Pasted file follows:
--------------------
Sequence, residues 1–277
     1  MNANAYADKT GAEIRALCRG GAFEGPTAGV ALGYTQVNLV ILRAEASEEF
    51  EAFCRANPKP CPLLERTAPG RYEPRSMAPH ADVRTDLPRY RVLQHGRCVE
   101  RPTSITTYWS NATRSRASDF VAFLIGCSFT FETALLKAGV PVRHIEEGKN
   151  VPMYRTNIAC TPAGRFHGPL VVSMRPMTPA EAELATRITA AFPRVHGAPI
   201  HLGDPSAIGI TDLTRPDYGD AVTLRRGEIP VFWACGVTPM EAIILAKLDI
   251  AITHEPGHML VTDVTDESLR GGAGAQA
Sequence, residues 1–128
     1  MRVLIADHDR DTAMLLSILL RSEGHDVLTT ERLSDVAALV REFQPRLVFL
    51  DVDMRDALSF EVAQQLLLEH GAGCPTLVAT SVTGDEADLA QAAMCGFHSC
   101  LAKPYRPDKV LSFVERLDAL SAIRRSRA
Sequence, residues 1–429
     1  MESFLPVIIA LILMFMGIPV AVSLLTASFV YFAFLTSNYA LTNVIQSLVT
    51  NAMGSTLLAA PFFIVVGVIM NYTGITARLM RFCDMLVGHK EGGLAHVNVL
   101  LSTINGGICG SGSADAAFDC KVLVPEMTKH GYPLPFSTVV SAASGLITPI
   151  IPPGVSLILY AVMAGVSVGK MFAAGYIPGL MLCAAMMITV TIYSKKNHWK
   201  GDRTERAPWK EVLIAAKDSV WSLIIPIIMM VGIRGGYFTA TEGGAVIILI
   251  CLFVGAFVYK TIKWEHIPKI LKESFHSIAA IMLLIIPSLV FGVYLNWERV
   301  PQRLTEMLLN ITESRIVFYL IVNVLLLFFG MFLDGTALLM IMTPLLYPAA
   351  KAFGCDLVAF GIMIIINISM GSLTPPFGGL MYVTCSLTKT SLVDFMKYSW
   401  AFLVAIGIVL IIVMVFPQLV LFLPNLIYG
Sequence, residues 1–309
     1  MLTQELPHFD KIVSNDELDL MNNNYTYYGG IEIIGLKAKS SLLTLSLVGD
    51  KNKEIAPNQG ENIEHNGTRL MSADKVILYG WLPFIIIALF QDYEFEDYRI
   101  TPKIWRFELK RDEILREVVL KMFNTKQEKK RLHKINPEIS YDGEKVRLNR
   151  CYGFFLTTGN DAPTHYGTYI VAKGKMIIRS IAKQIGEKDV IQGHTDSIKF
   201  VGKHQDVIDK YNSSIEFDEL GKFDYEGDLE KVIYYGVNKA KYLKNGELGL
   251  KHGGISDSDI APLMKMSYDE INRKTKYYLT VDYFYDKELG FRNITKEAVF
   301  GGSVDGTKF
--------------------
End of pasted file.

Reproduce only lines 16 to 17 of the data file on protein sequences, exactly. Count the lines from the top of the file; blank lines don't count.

   151  IPPGVSLILY AVMAGVSVGK MFAAGYIPGL MLCAAMMITV TIYSKKNHWK
   201  GDRTERAPWK EVLIAAKDSV WSLIIPIIMM VGIRGGYFTA TEGGAVIILI